Pierrot Pillot-Bidon, the man behind Archaos, talks to Trevor Johnston, in a converted abbattoir, about how he has taken a chainsaw to the neck of traditional circus.

pril in Paris. A tousled half-Italian half-French person puffs on‘another Gauloise and almost chokes his interviewer. Overpowering though the Gallic tobacco haze might be, the denims and the shirt are the real problem. This man and his attire, one suspects, have not been parted for a considerable length of time. The result is the kind of radioactive whiff normally reserved for bag-ladies and Hawkwind casualties.

And circus people too, ofcourse. Which is where Pierrot Pillot-Bidon comes in. He’s the man behind the money-spinning metallic mayhem that is Archaos, the raggle-taggle band of acrobats, motorcyclists, jugglers, and downright mental cases that’s picked up the traditional circus world by the scruff of the neck and taken a chainsaw to it. This afternoon we’re on the outskirts of the French capital in a converted abbattoir that’s home to the new £200,000 Archaos spectacular Bouinax In Love, and just a few feet away from the show’s impressive gathering of automotive debris my hydrophobic pal Pierrot is thinking aloud. ‘lam an artist and a businessman‘ he reflects, ‘I make artistic business.‘

Actually, it sounds more like ‘artistic bees’ knees”, but if his Franglais is after the school of Peter Sellers, the Archaos phenomenon’s combining ofold-style feats ofskill and balance with post-Mad Max displays offerocious mechanical danger and destruction is without

precedent. Hence the brouhaha when they hit last 3

year’s Edinburgh festival, shocking pundits, punters and licensing authorities alike with the buzzing insanity of their so-casual way with motorbikes and Chainsaws, and creating headlines with both a bad tightrope accident and the carrying off of a national newspaper’s initial Pick of The Fringe prize.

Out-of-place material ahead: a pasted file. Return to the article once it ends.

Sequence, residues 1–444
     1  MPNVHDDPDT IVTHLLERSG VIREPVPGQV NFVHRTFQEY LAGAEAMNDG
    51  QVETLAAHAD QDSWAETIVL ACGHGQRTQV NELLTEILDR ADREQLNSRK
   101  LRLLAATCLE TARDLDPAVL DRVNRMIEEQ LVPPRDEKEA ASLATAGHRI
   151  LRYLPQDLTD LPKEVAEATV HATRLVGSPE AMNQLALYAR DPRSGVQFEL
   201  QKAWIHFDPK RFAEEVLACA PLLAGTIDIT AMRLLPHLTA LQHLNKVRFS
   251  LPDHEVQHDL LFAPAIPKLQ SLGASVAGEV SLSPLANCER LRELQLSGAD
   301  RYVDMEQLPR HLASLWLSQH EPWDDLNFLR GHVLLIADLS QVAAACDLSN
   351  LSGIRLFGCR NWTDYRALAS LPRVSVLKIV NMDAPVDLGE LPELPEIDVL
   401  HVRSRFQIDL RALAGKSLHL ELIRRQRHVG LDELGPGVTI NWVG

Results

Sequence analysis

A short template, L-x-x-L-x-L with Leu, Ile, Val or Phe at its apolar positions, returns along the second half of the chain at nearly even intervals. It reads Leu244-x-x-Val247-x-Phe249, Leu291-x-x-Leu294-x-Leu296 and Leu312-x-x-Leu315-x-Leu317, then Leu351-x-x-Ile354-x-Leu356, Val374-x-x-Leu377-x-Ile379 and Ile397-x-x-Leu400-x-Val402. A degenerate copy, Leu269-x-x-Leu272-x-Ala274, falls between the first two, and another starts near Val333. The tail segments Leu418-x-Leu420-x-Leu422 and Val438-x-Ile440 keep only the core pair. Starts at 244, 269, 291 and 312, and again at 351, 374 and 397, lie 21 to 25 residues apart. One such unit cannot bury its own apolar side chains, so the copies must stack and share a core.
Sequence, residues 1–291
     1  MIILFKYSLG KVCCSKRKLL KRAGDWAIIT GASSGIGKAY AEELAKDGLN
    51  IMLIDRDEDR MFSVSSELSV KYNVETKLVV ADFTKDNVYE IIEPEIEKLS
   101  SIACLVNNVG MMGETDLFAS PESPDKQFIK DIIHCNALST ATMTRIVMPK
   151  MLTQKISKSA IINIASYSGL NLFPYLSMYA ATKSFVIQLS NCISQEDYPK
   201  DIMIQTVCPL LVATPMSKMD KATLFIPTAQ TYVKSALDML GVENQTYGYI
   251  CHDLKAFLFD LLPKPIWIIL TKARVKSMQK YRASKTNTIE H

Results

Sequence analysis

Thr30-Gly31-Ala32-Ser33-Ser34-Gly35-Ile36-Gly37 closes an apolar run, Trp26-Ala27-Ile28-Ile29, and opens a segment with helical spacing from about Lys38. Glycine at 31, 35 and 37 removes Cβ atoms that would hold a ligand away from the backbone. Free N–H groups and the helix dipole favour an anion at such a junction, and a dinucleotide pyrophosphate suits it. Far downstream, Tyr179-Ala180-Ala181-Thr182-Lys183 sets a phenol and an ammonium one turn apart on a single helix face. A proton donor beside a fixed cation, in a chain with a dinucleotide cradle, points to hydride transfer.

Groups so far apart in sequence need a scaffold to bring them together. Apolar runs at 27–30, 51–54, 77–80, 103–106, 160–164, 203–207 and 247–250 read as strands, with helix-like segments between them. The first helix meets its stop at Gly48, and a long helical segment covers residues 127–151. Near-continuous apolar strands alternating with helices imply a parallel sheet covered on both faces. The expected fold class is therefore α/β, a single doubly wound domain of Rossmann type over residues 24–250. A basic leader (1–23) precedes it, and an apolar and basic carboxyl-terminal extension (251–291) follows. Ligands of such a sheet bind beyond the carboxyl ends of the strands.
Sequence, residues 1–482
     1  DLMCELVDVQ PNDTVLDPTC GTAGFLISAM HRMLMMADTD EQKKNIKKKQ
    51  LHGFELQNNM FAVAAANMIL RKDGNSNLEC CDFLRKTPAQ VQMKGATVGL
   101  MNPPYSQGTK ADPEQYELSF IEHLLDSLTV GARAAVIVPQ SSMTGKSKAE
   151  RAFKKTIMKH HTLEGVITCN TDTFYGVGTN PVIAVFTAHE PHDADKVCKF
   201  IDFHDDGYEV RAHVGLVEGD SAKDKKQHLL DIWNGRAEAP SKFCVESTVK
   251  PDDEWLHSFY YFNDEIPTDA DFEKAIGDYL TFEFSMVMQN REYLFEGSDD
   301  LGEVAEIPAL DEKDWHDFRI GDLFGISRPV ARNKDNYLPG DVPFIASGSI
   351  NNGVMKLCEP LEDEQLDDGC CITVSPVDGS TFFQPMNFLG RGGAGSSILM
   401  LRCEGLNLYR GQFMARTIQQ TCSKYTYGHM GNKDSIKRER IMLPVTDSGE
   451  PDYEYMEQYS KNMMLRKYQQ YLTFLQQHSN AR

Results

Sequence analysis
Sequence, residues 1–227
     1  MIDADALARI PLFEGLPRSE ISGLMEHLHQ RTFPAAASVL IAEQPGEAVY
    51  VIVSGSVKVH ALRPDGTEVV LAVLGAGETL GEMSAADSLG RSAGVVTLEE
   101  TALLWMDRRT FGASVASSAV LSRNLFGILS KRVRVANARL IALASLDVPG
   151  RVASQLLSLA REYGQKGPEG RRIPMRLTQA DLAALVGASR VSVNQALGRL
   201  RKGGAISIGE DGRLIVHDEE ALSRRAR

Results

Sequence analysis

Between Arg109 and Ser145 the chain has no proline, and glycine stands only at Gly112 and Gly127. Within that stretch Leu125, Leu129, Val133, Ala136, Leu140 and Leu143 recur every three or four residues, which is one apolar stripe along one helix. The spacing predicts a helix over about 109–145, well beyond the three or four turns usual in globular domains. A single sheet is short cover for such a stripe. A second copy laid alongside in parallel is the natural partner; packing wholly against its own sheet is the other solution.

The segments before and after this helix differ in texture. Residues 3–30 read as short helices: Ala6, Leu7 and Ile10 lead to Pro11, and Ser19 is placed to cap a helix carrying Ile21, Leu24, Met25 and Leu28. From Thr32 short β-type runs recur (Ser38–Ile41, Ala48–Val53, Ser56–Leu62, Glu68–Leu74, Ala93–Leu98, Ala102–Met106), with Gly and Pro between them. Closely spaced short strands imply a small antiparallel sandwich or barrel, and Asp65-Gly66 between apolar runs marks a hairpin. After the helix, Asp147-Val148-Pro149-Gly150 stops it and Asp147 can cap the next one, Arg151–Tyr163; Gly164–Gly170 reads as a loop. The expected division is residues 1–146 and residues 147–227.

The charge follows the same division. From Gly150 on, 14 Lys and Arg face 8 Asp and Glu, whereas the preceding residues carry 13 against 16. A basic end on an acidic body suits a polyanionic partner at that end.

Since then, an ongoing personnel carousel and an apparent desire on the part ofconceptualist Pierrot to shift the troupe‘s artistic direction from the brink of foolhardy bravura has resulted in a completely new show that‘ll spend much of 1990 touring Britain, stopping in Glasgow for the first time in July and hitting Edinburgh once more as part of the (ahem) official International Festival. Gone from Bouinax In Love are the nerve-tingling motorbike antics and the buzz-saw


jousting, to be replaced by a new-found sense of graceful absurdism.

Pierrot, who stresses the importance ofcasting in finding the right blend of performers, calls them ‘scenes oflife‘. Which is fair enough, ifyour daily existence shuffles by with much of fish-throwing, wearing plastic bags, baiting blind women, dangling from a thirty year-old ex-Russian army crane, bounding around on all fours, not wearing very many clothes, and having your every move accompanied by a well-drilled French rock act called The Chihuahuas. Well, it‘s yer average Day In The Life ()fA List Reader, innit?

As Pierrot will advise you though, possibly best not to try this at home. ‘My people they are crazy’ he gestures, affirming his mastery ofthe obvious. “They want to push the limits. Last year we lost two spines, but this is not particular to Archaos because acrobats always want to do more.‘ Sometimes too much more it seems, for since I saw the show in April the chiefclown has broken his collarbone and will never perform again. while Su Brent, the English queen ofthe high wire, has managed to accumulate two broken arms for her trouble.

Uncharitably, one might suggest it‘s the possibility ofwatching it all go terribly wrong that draws audiences like tricoteurs to the big Archaos tent in the first place, but, paradoxically, it also has the effect of attracting prospective stars of the sawdust and tinsel in their droves. With a nod Pierrot confirms, ‘lfwe allowed everyone who wanted to join up to come along with us there would be thousands of Archaos people. But you know, the ones who come they must be generous. They must want to give to Archaos and not just take, take, take. And then maybe we are building people.’

Archaos perform in The Big Top on Glasgow Greenfrom Sat21 July to Sun 5 Aug at8.30pm (no perfMonday) with 3pm matinees Sat/Sun. Advance booking on the mobile Archaos box office 083] 220 400/220 401 and from Wed I8July onwards the permanent Glasgow Archaos line will be open on 041 55 I 8088 and 55] 8877. Archaos will also be playing Leith Links in Edinburgh from Sat I I Aug to Sun 2 Sept, the same times apply and advance booking is available from the International Festival Box Office, Market Street on 031 225 5 75 o.

Photographs by Gavin Evans tram the book 'Atchaos Cirque Revolutionnaire'.

fiThe List 13 26July 1990